6 ways to fight deploy and decay

Even your best security controls will weaken over time after deployment, much to hackers' delight. Take these steps to slow down or get ahead of that decay.

Hackers love drift. That’s the unofficial term for describing how some good (and secure) state moves into something less good (and less secure). Computer security is difficult. We know that. The old saw says defenders have to get it all right all the time. Hackers just need to find one mistake.

Any computer control is hard to deploy perfectly. The even bigger problem is that any nearly perfect, deployed control almost always degenerates to a far worse state starting almost immediately. The process is what some security experts call “deploy and decay.”

What is deploy and decay?

For example, suppose your job is deploying and maintaining security settings on an application or operating system. You (or your team) spend a great deal of time deciding what those security settings should be. You read about the negatives and positives of each setting, consider the business impacts, and then choose the setting that best fits the allowed risk profile for your organization.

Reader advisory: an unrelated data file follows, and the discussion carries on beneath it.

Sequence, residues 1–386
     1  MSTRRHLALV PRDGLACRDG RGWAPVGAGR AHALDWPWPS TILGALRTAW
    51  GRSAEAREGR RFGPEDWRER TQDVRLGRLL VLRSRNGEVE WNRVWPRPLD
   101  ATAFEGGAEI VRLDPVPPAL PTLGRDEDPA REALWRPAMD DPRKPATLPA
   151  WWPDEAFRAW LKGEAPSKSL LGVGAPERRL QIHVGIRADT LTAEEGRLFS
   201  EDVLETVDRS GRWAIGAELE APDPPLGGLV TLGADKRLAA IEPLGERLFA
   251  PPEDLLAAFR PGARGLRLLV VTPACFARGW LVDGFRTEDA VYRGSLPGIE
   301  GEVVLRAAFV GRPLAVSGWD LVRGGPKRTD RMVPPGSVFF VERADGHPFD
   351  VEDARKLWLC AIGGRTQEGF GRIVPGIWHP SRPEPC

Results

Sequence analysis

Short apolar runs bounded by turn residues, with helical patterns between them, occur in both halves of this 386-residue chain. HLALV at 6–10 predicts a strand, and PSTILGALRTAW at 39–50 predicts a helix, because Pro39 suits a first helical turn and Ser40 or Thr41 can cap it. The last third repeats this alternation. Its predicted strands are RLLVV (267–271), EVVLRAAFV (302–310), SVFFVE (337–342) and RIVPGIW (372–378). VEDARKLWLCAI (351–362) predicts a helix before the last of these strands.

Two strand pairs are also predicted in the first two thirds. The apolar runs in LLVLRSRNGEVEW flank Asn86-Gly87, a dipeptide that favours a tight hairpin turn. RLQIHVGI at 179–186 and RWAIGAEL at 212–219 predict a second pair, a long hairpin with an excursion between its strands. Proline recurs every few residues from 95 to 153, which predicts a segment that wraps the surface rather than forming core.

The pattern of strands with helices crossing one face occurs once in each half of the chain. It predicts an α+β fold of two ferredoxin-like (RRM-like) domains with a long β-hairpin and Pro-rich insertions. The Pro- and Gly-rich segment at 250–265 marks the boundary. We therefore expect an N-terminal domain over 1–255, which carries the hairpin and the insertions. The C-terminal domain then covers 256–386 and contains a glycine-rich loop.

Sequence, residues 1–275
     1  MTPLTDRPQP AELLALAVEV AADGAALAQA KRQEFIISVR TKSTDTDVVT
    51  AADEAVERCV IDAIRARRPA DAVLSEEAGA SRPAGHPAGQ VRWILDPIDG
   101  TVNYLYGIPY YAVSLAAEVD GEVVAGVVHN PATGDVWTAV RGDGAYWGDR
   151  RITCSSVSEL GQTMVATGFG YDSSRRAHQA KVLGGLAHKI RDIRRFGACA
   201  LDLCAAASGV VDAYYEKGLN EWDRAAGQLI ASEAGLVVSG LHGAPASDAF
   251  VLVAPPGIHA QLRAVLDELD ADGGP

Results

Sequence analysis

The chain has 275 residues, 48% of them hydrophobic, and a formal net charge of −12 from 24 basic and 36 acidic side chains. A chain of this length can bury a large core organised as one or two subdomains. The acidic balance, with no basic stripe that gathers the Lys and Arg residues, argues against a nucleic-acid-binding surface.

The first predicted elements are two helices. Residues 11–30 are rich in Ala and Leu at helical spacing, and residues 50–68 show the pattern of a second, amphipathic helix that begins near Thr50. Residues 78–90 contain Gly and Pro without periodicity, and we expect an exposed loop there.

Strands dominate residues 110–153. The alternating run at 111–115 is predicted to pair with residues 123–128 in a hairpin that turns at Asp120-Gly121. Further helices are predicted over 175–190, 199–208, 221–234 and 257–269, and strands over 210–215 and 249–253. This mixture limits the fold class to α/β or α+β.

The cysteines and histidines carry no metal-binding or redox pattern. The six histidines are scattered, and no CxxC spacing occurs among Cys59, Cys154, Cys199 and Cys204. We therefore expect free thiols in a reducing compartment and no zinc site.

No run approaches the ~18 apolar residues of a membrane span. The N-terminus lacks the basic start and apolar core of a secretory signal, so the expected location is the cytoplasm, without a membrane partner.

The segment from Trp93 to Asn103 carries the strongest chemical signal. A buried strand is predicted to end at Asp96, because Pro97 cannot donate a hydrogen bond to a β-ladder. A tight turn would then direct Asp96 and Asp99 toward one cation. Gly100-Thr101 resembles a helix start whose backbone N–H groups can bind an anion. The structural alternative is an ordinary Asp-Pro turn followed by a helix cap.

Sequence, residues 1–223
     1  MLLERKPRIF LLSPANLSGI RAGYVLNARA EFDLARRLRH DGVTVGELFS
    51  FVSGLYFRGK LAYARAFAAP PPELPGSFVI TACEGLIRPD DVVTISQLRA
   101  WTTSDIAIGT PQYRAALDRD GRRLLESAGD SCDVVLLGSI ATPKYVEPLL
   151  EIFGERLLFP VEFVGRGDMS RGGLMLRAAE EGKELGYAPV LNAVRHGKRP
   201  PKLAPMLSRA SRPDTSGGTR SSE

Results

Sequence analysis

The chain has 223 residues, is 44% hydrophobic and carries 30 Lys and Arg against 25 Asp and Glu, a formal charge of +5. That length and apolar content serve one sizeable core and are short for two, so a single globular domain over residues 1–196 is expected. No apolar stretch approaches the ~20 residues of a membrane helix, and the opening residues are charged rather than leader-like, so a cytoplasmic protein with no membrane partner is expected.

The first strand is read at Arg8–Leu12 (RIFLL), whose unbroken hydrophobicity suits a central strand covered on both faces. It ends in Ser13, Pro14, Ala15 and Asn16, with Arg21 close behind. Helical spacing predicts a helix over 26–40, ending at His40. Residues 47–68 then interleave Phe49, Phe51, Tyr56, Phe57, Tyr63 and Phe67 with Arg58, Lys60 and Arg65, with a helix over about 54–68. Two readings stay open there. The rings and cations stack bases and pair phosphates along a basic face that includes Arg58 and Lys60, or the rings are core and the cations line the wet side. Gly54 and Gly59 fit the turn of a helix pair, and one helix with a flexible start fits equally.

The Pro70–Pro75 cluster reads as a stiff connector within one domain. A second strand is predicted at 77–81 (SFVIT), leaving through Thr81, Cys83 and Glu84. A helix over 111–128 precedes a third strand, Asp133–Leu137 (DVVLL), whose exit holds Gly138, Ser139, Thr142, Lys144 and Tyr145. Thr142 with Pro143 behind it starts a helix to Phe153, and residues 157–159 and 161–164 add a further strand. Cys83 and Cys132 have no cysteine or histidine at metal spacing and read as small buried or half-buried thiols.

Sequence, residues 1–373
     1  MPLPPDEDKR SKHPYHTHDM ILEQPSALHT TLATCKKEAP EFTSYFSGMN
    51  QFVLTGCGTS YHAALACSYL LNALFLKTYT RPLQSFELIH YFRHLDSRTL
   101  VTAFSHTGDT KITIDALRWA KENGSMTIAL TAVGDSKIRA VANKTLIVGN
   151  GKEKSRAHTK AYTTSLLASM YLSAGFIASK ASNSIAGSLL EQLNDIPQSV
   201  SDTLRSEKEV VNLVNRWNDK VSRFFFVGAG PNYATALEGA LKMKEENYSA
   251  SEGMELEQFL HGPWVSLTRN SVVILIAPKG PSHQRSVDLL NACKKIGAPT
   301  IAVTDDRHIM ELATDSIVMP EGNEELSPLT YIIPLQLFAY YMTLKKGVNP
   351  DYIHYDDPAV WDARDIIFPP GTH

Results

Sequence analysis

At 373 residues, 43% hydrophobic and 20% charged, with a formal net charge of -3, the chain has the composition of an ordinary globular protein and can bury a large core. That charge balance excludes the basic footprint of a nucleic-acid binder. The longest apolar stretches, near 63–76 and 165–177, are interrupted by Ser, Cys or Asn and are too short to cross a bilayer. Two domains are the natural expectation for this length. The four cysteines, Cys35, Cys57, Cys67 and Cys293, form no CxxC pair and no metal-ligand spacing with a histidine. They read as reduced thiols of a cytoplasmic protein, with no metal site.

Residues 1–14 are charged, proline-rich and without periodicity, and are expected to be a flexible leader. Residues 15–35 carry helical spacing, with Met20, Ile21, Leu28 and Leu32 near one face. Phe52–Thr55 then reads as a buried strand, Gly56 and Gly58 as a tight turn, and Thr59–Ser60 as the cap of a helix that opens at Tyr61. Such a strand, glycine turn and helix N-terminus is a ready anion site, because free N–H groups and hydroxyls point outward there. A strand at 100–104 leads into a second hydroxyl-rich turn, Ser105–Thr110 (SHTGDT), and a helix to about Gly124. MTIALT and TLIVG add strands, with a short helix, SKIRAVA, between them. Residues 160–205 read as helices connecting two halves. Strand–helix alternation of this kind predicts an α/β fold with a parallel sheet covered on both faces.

You deploy those settings, say using Microsoft Windows or Active Directory group policy, to every possible managed computer. We know that for myriad reasons those settings are not perfectly applied to all the computers we expect. It’s usually some issue in the imperfect technology. It could be a corrupt local configuration database, a third-party app getting in the way, or the computer unknowingly not connecting to the domain for months. It can be a lot of different reasons, and we aren’t always aware that the deployed control isn’t applying to all computers.

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